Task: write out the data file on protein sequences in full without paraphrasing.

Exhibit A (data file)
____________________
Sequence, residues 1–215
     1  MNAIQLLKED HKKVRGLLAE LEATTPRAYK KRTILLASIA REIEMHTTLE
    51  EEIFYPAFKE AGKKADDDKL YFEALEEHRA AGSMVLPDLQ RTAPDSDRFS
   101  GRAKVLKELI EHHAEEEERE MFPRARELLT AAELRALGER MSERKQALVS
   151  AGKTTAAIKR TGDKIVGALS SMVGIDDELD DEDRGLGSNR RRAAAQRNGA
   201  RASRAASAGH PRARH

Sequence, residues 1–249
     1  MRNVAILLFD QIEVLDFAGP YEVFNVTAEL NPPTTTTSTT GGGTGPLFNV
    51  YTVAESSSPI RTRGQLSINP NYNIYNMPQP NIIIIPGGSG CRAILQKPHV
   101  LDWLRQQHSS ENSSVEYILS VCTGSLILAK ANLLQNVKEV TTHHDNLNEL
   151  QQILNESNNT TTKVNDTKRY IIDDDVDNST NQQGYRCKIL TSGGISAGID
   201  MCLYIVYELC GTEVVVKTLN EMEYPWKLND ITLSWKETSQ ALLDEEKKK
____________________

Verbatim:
Sequence, residues 1–215
     1  MNAIQLLKED HKKVRGLLAE LEATTPRAYK KRTILLASIA REIEMHTTLE
    51  EEIFYPAFKE AGKKADDDKL YFEALEEHRA AGSMVLPDLQ RTAPDSDRFS
   101  GRAKVLKELI EHHAEEEERE MFPRARELLT AAELRALGER MSERKQALVS
   151  AGKTTAAIKR TGDKIVGALS SMVGIDDELD DEDRGLGSNR RRAAAQRNGA
   201  RASRAASAGH PRARH

Sequence, residues 1–249
     1  MRNVAILLFD QIEVLDFAGP YEVFNVTAEL NPPTTTTSTT GGGTGPLFNV
    51  YTVAESSSPI RTRGQLSINP NYNIYNMPQP NIIIIPGGSG CRAILQKPHV
   101  LDWLRQQHSS ENSSVEYILS VCTGSLILAK ANLLQNVKEV TTHHDNLNEL
   151  QQILNESNNT TTKVNDTKRY IIDDDVDNST NQQGYRCKIL TSGGISAGID
   201  MCLYIVYELC GTEVVVKTLN EMEYPWKLND ITLSWKETSQ ALLDEEKKK